I hope you find the perfect place to meet his needs and give him a support system out his front door.

Hugs, this will get straightened out.
Helpful Answer (15)
Reply to Isthisrealyreal
Report
robinr Feb 7, 2019
You know what Isthisrealyreal...I thought so too...that I'd love the help with cooking, cleaning at least to help take care of the elders...and then, on second thought...realized the concern about strangers in the house, locking up valuables or breakables as a precaution, trusting others to hire and do background checks...someone in the cupboards, shifting things around and handling things, bringing in another source of germs/viruses during cold/flu season...and I loved the thought less...
(2)
Report
See 2 more replies
I agree with the others, give him time. But I see your point too. Do you feel you have to entertain him? If so, don't. He probably just wants someone there. Go about whatever you do. If you have plans, do them. If you want, invite him. If not, that is OK. I would wean him off being there the whole weekend. Like suggested, tell Dad you r taking the weekend to do something together.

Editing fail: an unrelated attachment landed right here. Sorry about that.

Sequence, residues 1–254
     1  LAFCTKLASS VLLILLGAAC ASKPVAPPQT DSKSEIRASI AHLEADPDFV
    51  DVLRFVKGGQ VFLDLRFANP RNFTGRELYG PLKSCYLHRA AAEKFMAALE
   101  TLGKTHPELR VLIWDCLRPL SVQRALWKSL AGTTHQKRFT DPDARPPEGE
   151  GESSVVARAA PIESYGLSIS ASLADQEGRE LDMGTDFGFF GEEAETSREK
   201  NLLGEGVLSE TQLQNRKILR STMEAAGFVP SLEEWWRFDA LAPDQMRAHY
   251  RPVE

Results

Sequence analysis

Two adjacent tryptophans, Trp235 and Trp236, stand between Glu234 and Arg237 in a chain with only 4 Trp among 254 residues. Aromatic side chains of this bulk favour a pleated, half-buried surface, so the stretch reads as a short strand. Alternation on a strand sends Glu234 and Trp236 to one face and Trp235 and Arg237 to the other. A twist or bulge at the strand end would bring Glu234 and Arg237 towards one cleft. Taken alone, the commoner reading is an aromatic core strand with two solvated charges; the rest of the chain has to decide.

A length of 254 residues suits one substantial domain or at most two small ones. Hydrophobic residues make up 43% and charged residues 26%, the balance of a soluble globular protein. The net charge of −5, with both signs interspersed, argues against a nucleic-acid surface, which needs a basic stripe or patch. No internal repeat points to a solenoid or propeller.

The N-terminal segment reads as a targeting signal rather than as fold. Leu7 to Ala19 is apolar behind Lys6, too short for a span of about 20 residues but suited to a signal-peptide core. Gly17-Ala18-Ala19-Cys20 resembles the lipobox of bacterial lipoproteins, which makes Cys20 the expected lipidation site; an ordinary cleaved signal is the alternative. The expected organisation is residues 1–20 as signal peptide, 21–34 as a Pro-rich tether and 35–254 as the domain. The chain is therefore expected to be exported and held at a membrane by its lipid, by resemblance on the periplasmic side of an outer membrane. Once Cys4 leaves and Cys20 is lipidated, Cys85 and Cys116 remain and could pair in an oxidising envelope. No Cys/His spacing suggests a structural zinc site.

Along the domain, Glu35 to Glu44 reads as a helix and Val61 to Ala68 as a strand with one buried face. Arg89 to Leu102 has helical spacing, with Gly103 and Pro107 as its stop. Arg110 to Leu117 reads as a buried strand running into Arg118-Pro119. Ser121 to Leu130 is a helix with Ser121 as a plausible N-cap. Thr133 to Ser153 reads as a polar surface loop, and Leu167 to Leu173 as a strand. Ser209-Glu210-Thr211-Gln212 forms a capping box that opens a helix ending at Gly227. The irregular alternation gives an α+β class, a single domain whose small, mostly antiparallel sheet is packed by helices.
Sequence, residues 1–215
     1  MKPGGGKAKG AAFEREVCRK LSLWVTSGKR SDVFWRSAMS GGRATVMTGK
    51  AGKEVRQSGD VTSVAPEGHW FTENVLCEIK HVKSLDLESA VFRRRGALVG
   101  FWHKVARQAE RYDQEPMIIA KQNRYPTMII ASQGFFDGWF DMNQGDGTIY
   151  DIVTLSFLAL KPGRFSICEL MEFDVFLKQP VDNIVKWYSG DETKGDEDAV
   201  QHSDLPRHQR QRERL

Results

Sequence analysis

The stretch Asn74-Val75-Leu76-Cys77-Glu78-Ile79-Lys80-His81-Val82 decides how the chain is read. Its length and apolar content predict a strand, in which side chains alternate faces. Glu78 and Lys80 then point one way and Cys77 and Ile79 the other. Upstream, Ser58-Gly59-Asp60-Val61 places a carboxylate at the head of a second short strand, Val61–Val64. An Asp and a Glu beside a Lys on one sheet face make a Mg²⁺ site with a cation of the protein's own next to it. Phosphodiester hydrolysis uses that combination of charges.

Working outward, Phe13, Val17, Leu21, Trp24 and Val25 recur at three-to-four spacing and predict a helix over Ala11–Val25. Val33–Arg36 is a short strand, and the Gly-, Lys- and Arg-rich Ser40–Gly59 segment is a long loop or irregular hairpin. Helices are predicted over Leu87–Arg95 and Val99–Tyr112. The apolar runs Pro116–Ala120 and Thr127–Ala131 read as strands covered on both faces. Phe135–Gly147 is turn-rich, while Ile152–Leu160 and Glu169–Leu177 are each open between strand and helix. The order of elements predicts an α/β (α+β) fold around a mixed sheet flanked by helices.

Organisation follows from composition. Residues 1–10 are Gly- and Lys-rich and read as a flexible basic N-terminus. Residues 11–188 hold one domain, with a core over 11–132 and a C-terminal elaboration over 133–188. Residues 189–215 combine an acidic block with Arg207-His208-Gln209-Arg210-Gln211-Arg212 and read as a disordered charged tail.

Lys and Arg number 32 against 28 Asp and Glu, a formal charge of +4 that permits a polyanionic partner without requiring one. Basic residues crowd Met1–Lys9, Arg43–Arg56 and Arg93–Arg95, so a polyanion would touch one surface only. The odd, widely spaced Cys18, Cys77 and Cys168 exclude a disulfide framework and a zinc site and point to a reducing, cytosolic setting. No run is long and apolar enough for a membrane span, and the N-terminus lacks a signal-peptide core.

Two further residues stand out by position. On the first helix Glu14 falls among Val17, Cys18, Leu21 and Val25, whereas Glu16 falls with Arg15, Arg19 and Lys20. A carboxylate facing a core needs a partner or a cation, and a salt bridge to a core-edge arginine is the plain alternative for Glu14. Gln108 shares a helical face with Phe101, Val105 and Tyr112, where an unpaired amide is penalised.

Men do take a loss of a wife harder than women take losing a husband. You say he is good physically and mentally, he could live another 10 yrs. Give him a little longer and approach the subject of independent living. They cost a little more than an apartment. My SILs mother gets meals, activities and transportation. So, yes he would wake up alone but he would have people to enjoy breakfast with. Up until bed, he could enjoy visiting in the common area.
Helpful Answer (13)
Reply to JoAnn29
Report